HistoryEssential question #4
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The way bills are introduced in Washington.

                 
A bill is a written proposal for a law.Anyone can suggest an idea to a legislator. But only legislators can introduce a bill to the state legislature.
Once the bill is drafted, the legislator sponsoring it presents it to either the senate or house.
The committee reviews the bill.If it is approved, the bill moves on to a hearing. Any interested person can testify for or against the bill.After the hearing, amendments can also be made into the bill "die" by not taking further action.
If the committee sends the bill on, it goes to the rules committee and gets on the calendar to be discussed on a certain day. Legislators debate, or discuss, the bill and then vote.
If legislators pass the bill, it is reviewed once more by the rules committee.Once it leaves the rules committee, it goes for a final vote before either the house or senate.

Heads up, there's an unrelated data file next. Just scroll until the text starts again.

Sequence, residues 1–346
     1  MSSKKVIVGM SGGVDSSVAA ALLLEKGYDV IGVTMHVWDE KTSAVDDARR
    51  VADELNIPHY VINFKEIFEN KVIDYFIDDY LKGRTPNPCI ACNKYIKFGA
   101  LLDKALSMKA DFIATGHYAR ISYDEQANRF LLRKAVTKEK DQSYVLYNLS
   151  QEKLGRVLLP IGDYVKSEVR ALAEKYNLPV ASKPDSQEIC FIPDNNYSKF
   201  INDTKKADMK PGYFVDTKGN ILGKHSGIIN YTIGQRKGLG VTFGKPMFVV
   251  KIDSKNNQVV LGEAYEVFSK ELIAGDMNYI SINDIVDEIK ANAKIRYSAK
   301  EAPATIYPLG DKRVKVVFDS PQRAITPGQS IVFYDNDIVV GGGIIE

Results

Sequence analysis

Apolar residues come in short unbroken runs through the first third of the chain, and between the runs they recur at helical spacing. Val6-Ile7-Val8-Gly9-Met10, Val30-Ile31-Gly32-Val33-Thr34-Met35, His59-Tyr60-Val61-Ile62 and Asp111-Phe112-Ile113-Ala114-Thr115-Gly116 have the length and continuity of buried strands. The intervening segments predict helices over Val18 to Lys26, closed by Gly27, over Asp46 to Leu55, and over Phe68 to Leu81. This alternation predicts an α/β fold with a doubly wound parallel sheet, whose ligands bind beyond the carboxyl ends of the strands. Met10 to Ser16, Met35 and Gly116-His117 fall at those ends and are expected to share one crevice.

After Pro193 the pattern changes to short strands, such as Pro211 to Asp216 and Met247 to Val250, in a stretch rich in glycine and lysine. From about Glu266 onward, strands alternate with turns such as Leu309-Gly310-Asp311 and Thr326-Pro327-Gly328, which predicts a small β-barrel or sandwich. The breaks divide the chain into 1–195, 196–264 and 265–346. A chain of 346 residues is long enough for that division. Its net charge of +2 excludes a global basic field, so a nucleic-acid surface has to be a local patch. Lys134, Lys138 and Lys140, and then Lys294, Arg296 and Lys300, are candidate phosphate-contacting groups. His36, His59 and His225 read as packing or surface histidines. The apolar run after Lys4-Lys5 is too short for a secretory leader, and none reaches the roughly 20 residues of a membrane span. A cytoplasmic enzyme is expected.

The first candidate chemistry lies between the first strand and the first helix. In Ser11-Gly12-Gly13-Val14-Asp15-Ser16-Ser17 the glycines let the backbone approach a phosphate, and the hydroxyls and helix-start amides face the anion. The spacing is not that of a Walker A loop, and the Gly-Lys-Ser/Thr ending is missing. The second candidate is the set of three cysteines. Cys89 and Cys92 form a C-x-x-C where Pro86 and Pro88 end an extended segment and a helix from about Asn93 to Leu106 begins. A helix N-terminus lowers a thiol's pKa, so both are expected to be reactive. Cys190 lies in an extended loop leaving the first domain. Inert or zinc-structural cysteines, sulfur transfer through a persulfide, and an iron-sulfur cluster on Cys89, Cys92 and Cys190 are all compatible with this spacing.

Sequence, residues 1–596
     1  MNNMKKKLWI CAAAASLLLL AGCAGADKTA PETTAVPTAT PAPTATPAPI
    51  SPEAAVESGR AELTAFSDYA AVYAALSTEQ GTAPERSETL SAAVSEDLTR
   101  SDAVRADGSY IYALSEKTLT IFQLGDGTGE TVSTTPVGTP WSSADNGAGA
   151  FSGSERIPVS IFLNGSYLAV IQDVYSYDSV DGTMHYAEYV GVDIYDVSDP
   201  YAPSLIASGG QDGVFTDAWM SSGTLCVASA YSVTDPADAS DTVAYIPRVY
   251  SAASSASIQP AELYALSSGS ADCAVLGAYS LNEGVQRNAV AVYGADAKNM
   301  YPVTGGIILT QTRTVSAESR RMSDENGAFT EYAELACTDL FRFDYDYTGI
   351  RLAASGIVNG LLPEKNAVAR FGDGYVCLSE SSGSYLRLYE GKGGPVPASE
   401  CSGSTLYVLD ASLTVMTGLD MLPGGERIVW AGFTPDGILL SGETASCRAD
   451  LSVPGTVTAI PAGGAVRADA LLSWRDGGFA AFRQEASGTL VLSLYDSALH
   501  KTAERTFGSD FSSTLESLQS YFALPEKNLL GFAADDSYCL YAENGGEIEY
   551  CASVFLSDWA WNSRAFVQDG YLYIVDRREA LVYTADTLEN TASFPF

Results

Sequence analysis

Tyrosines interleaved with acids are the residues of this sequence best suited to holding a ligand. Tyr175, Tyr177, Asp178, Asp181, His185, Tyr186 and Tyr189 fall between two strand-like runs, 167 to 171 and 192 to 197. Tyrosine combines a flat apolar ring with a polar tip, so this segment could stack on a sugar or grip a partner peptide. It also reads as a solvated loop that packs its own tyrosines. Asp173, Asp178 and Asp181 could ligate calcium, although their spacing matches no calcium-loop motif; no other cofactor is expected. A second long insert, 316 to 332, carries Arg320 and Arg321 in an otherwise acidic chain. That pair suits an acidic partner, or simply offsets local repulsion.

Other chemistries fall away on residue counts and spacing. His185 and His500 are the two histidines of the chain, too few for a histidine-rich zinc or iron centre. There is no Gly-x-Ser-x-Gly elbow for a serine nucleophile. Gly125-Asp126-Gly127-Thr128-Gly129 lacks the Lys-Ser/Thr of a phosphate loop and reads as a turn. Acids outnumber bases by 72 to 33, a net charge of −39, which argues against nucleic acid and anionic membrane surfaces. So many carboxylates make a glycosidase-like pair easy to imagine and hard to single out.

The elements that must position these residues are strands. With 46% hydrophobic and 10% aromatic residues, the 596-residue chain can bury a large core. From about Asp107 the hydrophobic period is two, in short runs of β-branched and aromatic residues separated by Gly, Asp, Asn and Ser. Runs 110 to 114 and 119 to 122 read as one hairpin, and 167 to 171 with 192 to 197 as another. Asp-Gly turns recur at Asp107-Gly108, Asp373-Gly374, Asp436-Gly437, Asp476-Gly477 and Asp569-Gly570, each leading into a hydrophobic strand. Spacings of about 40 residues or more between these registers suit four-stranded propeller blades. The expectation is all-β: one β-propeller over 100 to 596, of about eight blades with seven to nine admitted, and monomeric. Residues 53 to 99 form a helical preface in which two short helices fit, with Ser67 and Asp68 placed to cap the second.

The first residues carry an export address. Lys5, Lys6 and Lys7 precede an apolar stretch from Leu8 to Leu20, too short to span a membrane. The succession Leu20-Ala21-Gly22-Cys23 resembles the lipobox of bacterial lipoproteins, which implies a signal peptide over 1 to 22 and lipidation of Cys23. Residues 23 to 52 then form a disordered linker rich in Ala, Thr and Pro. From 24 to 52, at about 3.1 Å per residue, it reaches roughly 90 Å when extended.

When the bill is passed by one of the houses, it moves on to the other house. The bill must then go though the same process.
once the bill is accepted by both the houses, it is signed by their leaders and is sent to the governor. At this point, citizens can contact the governor to voice their opinion on the bill.
The governor reviews the bill.If the governor does nothing, the bill becomes a law in five to 10 days.
The governor can also veto, or reject, the entire bill or parts of it. However, the legislator can override,or cancel, the governors veto. To do this, a two-thirds majority of both houses is needed.This is one of the checks and balances of power. Neither the legislative nor executive branch can make a law alone.